“The story of the ocean is one of fierce and natural struggle for survival, but also surely one of tenderness,” narrator Pierce Brosnan (“The Ghost Writer”) sleepily – and a bit pretentiously – drones. Welcome to Disney’s newest documentary, “Oceans,” where seagulls dart like missiles into the salty waters for food and milky-white jellyfish pulsate among the ancient, balloon-eyed Japanese sheepshead wrasse. On the shore, sea otters lazily bake their bellies in the hot sun while crabs shakily scuttle past them, trying not to be eaten.


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As a follow-up to last year’s “Earth,” Disney returns to the environmentalist fold by plunging into our planet’s greatest natural resource in “Oceans.” Directed by Jacques Perrin and Jacques Cluzaud (both of “Winged Migration”) and narrated by a bland Brosnan, “Oceans” is an intimate and majestic portrait of the life teeming beneath the shoreline. In other words, it’s a beautiful bore.

Disney’s G-rated portrayal of the planet’s waterways is the equivalent of one of those perfectly-contained snow globes that you can shake and have glitter fall among the smiling sea animals. As the creatures amicably scrub each other’s orifices like the best of barbers and dance together in a perfectly orchestrated ballet, it’s difficult to imagine a scene more harmonic. Never mind that in real life, these creatures may actually be tearing each other apart as they struggle at any cost to survive.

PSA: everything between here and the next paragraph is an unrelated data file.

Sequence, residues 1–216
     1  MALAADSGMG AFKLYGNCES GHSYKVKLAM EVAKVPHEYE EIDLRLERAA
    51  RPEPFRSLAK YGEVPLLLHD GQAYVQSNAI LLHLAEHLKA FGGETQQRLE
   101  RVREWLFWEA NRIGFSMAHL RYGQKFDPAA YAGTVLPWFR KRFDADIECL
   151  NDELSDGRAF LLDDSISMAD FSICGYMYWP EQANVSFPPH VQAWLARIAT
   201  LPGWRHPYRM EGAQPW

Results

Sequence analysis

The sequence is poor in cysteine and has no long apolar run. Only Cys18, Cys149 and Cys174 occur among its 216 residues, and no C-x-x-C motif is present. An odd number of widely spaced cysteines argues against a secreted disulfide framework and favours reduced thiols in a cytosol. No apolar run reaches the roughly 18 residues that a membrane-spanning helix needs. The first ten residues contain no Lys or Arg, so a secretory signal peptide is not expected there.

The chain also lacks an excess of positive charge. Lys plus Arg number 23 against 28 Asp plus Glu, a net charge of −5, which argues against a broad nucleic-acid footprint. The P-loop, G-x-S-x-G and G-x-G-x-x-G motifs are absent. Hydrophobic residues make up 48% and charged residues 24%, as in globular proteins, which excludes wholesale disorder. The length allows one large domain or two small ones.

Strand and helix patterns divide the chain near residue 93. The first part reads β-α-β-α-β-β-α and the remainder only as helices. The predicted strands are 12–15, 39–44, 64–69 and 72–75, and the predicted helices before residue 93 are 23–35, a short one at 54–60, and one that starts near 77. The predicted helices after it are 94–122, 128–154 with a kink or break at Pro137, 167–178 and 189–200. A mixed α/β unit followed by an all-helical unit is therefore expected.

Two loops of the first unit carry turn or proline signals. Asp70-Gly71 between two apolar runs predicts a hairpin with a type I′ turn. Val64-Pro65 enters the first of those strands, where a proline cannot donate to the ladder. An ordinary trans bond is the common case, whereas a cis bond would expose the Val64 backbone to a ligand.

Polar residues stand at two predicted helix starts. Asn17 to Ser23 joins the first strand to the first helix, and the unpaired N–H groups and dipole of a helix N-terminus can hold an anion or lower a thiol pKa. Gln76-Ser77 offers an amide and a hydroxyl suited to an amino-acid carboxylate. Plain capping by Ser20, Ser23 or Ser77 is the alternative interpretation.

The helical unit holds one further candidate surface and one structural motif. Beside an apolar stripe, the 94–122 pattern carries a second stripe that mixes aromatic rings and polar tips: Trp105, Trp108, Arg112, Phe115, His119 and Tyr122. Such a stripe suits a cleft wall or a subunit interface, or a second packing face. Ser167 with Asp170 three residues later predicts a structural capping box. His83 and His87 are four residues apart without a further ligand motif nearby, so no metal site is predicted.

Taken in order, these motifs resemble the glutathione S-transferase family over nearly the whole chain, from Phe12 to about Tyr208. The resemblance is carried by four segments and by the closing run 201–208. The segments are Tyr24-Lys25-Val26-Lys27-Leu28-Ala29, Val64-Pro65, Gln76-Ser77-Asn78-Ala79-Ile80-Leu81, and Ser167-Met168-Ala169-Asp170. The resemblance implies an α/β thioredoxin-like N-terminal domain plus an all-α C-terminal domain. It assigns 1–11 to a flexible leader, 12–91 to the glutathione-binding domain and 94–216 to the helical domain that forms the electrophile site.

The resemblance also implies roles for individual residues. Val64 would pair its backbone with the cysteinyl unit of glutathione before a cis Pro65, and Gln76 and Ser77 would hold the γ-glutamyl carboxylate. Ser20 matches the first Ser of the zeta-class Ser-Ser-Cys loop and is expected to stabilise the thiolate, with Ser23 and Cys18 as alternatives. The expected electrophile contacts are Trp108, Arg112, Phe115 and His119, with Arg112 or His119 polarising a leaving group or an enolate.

2005’s “March of the Penguins” managed to balance the cute and fluffy with the picture of death looming in the icy white vastness. In “Oceans,” there is no real tension, no real story – Disney seems more interested in creating a 90-minute rendition of a relaxing screensaver than truly representing the murky seas beneath.

For the environmentally conscious, “Oceans” doesn’t provide any more marine awareness than a trip to SeaWorld. In a heavily edited satellite image, the one minute devoted to oil pollution depicts it as a delicate chocolate vein gliding through a crystalline background, almost as beautiful as the ocean itself. The directors’ preoccupation with natural beauty results in a disconnect from all environmental issues surrounding it — a disconnect so apparent that viewers emerging from the film would have no problem eating sushi afterward.

But then again, that’s what we’ve come to expect from Disney – safe, neutered and desexualized, but still completely and utterly magical.

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